I think the place where I found this practice of photo fakery most troubling was in wildlife photography. Photographers in that genre will simply tack a “fine art” sign to their back and claim exemption from any need to replicate reality. The problem with this is that they more than anyone are benefiting from the public’s misguided belief that all pictures are real. My first interview for the piece was with Art Wolfe who way back in 1994 ignited a firestorm when he published a wildlife book entitled Migrations where a third of the images were fakes. Art was careful to point out that he didn’t misrepresent natural history and he called the pictures photo-illustrations. This was similar to a response I kept hearing from Steve Bloom when I tried to pin him down about a charge many people made to me that his wildlife images are mostly composites and extreme digital enhancements. Steve gave me incredibly evasive email answers in the vein of what Edgar Martins had to say about his dust up with the NY Times Magazine. Why can’t we just be honest and say “I did it because I wanted to make my photos look better than anyone elses”
And look, I’m not claiming I’m any sort of knight-riding-a-white-stallion either I’m just saying it’s time to start policing ourselves (starting with magazines) or else we’ll end up like the fashion industry and congress will soon be considering anti-photoshopping laws (I used to wish each month there was such a law when the owner’s of both magazines I worked at insisted we heinously paint the sky blue on the cover).
When people see an amazing photograph for the first time they usually ask, “is it real?” The answer should be yes.
While watching the 4-H youngsters going about their business at MontanaFair in Billings this month, I was struck by a parallel. Here I am in 2009, at a fair ground: a photojournalist, making pictures of cowboys in every direction I look. Don’t any of us know that none of us are supposed to exist?”
[...]Professional photojournalists have only their eye, their experience and their work ethic to create lasting images. It has nothing to do with what kind of lariat they’re carrying.
[...] if you can’t make a great picture in your own backyard, it isn’t going to happen anywhere else.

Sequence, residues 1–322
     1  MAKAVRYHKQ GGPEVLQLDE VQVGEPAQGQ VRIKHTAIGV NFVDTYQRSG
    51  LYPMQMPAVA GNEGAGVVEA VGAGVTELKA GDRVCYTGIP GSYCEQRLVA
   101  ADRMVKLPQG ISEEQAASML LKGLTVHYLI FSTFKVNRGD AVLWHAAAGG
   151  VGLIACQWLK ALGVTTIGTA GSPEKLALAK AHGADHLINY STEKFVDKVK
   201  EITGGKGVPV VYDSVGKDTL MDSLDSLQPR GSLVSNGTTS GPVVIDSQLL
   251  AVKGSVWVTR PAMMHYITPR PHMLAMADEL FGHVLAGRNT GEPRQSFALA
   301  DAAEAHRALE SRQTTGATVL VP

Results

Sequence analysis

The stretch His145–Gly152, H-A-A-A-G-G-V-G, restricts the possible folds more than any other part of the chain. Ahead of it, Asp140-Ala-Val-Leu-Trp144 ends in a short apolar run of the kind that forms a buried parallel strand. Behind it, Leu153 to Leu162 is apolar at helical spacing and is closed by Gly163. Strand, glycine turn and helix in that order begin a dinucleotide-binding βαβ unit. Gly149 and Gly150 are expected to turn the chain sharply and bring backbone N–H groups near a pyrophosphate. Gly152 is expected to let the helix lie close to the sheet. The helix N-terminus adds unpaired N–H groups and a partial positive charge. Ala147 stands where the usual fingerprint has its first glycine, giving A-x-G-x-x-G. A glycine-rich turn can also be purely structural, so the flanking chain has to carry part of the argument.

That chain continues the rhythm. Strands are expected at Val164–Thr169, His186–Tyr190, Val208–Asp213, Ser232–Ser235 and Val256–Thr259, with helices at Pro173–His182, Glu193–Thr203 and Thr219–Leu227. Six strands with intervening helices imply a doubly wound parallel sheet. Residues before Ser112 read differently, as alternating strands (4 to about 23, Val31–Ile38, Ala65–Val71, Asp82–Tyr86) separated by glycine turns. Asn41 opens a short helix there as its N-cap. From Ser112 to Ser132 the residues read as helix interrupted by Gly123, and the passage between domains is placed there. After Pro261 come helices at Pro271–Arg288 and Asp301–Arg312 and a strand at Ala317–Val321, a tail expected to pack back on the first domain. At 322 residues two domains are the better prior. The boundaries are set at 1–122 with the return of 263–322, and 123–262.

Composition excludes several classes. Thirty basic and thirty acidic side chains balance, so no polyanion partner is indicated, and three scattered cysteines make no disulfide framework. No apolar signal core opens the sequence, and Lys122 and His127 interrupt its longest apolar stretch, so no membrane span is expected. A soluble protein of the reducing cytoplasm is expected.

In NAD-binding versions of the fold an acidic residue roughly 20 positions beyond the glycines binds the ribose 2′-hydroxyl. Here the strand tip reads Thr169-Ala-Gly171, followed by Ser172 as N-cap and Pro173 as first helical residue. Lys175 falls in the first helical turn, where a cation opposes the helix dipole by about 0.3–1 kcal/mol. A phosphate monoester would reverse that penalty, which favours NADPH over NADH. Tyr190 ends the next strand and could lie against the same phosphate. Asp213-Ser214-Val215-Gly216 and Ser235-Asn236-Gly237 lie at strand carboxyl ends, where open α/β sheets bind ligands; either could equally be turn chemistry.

Here’s an interesting idea. Magazines can now do single issue reprints using MagCloud.
“To commemorate the 40th anniversary of Woodstock, LIFE teamed up with MagCloud to release a Special Edition Woodstock Magazine. Originally released 40 years ago, this special issue has more than 100 photos of the performances and amazing community that attended Woodstock.” (here)
You can also make your own magazine from scratch using their archive:
“Life.com will partner with HP’s MagCloud to offer users a personalised “timeline”. They will get to print their own edition of Life magazine comprising a selection of catalogue images from any given date, as well as their own uploads.” (here)
It’s a cool idea along the lines of getting a picture on a mouse pad or coffee mug but I’ve had a couple conversations with people looking to make money off big magazine archives and I think the public’s ability/patience to put a magazine together from scratch is very limited. We’re on the firehose end of the information superhighway so finding someone you trust to edit everything down to something relevant is more important than having a trillion choices.
If Fred Woodward edited a copy of Life out of the archive I might actually buy that.
A beautiful piece by Ohio U student Maisie Crow done as part of their Soul of Athens series.
She brings stills, video and audio together in such a simple and powerful way and tells a story that is probably all to common but you really never hear it told.
Yeah, the future is bright. So many great stories out there and young, ambitious, talented photographers ready to tackle them.